- Over 200 employees signed a petition calling for transparency around Amazon’s labor-tracking efforts.
- The names of the sign-ons were revealed last week, and the petition was sent to Amazon’s leadership.
- Amazon faces a vote on forming a union next month, which would be the first in its history.
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The names of more than 200 Amazon employees who had signed an “anti-surveillance” petition last fall were made public last week ahead of the petition being forwarded to Amazon CEO Jeff Bezos, an internal employee group called Amazonians for Employee Privacy told Insider.
The “anti-surveillance” petition campaign, first created in October, demands Amazon’s leadership to stop monitoring employee activism and labor-organization efforts, as Insider previously reported. The employee privacy group is requesting greater transparency around Amazon’s recent activities, including a “union heat map” previously reported by Insider.
“The practices that Amazon engages in by monitoring its labor force for signs of dissent discourages workers from being able to voice their issues collectively through structures like a union,” a representative from Amazonians for Employee Privacy said in an email statement.
The group has also created a separate “Anti-surveillance” pledge that asks managers and members of the human resources and global security teams to commit to.
The establishment of both the petition and the pledge have been public since October, but the individual names weren’t disclosed until last week to provide safety for the early sign-ons while the group waited for broader support.
The disclosure puts additional pressure on Amazon’s leadership to terminate its labor-tracking and union-busting practices that have been reported in recent years. It also comes at a time when a growing number of tech employees are engaging in stronger unionization efforts.
Amazon, for example, faces a unionization vote next month when roughly 6,000 warehouse workers in Bessemer, Alabama will cast their ballots on forming what would be the e-commerce giant’s first union in history. Google, earlier this month, saw over 200 employees form a union called The Alphabet Workers Union (AWU), the first labor organizing movement of its kind at the company.
In an email to Insider, Amazon’s spokesperson declined to comment on any specific petition, instead saying it continues to hear from employees through different feedback channels.
“We continually work to improve the Amazon employee experience, and with hundreds of thousands of employees located around the world, we use several methods to gather feedback at scale. This anonymized feedback has helped us improve our employee benefits, further strengthen our COVID-19 procedures, and improve the overall Amazon employee experience,” the spokesperson said.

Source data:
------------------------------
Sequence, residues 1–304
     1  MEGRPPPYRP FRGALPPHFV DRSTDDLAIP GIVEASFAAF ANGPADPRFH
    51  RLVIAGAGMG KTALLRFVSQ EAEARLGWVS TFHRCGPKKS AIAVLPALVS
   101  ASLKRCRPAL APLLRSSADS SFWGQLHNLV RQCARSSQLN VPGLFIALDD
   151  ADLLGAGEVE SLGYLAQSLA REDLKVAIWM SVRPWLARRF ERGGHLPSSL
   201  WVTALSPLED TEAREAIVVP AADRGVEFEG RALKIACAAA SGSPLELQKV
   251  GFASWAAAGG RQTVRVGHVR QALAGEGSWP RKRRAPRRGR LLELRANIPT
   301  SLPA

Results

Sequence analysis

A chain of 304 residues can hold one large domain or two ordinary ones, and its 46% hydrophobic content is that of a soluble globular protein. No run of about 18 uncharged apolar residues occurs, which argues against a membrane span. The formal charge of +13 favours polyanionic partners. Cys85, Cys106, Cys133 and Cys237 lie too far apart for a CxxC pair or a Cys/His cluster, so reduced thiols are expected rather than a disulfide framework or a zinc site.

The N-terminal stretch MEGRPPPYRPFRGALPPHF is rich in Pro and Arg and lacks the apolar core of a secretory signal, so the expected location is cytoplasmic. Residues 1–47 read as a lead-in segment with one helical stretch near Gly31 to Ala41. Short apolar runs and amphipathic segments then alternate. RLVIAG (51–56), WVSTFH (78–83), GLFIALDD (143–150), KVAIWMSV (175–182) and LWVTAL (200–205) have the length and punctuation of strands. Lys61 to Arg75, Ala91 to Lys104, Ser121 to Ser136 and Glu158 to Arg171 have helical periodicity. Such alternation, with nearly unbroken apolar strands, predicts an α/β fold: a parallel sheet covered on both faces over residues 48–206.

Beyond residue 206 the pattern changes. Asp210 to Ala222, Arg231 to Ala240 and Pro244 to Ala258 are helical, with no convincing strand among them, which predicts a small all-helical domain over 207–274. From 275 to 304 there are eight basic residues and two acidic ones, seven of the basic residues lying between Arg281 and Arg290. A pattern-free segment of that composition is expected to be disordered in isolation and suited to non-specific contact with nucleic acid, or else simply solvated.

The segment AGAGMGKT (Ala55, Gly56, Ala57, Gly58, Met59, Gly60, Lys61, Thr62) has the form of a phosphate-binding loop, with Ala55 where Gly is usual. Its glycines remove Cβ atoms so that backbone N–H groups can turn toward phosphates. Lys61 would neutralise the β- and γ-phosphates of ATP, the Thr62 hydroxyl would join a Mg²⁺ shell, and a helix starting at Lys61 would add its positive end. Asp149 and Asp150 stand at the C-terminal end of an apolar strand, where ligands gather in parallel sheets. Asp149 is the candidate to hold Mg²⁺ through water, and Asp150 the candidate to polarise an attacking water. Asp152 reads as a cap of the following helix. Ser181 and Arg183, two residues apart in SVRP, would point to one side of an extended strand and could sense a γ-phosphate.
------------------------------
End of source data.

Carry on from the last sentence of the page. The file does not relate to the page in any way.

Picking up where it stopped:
The employee privacy group at Amazon said the “anti-surveillance” campaign was inspired by a series of reports about Amazon in September, including job posts for an intelligence analyst to monitor “labor organizing threats” and the board hiring of former National Security Agency chief Keith Alexander.
Amazon has come under fire in recent years for its labor-tracking efforts. Whole Foods, which is owned by Amazon, has been quietly tracking its employees with an interactive heat map that could gauge interest in unionizing, Insider previously reported. Vice shed light on Amazon’s secret partnership with Pinkerton, the infamous spying agency known for tracking unions and breaking up worker-held strikes, while Vox revealed new rules around internal group emails designed to crack down on employee activism.
Employee activism at Amazon, meanwhile, has seen mixed results so far.
After an internal group called Amazon Employees for Climate Justice (AECJ) led a climate-change proposal, Amazon announced several net-zero-carbon initiatives and a $10 billion donation by CEO Jeff Bezos. But Amazon also pushed back by firing two of the group’s most prominent members, Emily Cunningham and Maren Costa, after they called out the company’s unsafe warehouse working conditions and weak climate policies.
Amazon also faced heavy criticism last year after firing several warehouse employees who organized a strike demanding safer working conditions. A National Labor Relations Board investigation found at least one of those employees, Gerald Bryson, was illegally fired, according to a Vice.